Just six months after the Illinois Department of Revenue ( IDR ) announced that it would not allow civil union couples to file taxes jointly, the agency has reversed the decision and updated their system to include same-sex civil union partners.
The directive came directly from Gov. Pat Quinn, said Sue Hofer, a spokesperson for the IDR.
"The governor said that being in a civil union in Illinois is the equivalent of being married in Illinois, and married people file jointly," Hofer said.
Civil union partners will now be allowed to file jointly on their state returns. However, because of the Defense of Marriage Act, they will still be required to file separately at the federal level. That requirement meant some fancy footwork for officials trying to make it possible for same-sex couples to file jointly, Hofer said.
Because Illinois tax law requires spouses who file taxes separately at the federal level to also file separately with the state, civil union couples who want to file jointly in Illinois will have to fill out their federal tax forms twice. The first form, which will be used for federal tax purposes, will list a spouse as an individual. The second will be used as a kind of mock form, where both partners are listed. The two forms allow spouses to legally file jointly, Hofer said.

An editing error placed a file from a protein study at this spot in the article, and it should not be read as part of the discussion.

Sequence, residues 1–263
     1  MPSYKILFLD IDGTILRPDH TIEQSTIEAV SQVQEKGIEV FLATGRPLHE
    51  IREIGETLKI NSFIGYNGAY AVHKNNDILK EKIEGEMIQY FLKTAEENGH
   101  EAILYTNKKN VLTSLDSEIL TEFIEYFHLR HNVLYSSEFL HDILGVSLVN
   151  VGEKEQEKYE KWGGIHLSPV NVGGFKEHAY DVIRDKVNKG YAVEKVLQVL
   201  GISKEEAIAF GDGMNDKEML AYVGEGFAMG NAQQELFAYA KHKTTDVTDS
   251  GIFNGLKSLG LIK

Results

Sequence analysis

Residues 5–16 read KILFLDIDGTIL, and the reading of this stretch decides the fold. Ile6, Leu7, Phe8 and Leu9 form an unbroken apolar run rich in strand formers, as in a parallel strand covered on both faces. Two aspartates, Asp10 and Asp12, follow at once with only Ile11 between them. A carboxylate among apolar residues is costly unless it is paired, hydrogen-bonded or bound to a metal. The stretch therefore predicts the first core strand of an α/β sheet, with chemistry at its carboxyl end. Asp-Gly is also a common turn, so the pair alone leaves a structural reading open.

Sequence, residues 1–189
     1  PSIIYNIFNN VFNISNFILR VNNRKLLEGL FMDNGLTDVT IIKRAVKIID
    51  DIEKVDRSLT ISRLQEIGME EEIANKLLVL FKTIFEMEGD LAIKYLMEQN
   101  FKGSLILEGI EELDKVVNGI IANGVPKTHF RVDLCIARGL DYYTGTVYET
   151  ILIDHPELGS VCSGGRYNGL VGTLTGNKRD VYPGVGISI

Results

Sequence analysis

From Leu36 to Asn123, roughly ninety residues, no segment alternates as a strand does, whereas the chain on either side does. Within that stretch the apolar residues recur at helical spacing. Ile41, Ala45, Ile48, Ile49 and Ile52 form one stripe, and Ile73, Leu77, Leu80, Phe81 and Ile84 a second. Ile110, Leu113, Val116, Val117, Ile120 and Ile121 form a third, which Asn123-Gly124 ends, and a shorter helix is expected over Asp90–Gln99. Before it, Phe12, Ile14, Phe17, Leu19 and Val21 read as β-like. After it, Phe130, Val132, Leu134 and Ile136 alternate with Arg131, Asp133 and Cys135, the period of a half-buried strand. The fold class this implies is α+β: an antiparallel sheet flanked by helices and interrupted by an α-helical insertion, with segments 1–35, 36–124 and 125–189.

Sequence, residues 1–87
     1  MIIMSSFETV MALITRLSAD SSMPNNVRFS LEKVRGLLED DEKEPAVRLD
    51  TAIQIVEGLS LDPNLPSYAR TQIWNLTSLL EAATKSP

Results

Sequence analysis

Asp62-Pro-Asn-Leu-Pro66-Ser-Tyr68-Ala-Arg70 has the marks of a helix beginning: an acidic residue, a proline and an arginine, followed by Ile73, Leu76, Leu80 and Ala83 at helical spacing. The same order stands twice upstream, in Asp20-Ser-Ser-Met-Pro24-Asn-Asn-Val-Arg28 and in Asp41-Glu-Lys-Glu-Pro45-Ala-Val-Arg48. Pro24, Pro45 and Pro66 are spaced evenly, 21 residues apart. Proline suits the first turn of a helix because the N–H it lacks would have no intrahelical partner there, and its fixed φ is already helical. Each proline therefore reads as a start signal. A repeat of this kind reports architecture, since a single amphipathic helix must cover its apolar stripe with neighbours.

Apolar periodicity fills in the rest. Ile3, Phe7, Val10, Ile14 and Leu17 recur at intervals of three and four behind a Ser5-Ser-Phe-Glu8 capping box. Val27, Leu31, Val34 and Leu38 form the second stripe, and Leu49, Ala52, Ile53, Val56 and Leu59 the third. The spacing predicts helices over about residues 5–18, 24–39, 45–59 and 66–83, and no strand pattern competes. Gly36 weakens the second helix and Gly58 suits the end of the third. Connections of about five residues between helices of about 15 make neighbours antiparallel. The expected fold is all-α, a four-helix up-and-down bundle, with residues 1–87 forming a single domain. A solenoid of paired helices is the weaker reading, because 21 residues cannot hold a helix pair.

"There is a limited amount we can do with the federal law," Hofer said. "I don't think this is the last of this."
LGBT activists have hailed the news a leap forward in same-sex partner recognition.
Bernard Cherkasov, Equality Illinois CEO, commended Gov. Quinn and IDR Director Brian Hamer. "We are grateful to them and their respective staffs for their commitment to equal treatment for same-sex couples," he said in a Nov. 29 statement.
Several groups, including Equality Illinois, consulted with IDR on the policy changes, said Hofer.
According to Equality Illinois, Illinois is the tenth state, along with Washington D.C. to allow same-sex partners to file taxes jointly.
Joint filings will allow civil union couples to claim the same deductions and take advantages of any tax benefits granted to married partners. But the win might be more symbolic that pragmatic for most.
"This is a question of fairness and equity more than it is a question of dollars and cents," said Hofer.
Anthony Martinez, executive director of The Civil Rights Agenda, might agree. Martinez said that the news raises questions about strategy for LGBT activists.
"Although this is a positive step forward for couples in a civil union, I am concerned this will hinder our movement towards equal relationship recognition for same-gender couples in Illinois," he said. "I had hoped that we could work on a parallel path, working to repeal DOMA and working to pass an equal marriage law in Illinois, but I am concerned that this step will further diminish our arguments for marriage at the state level."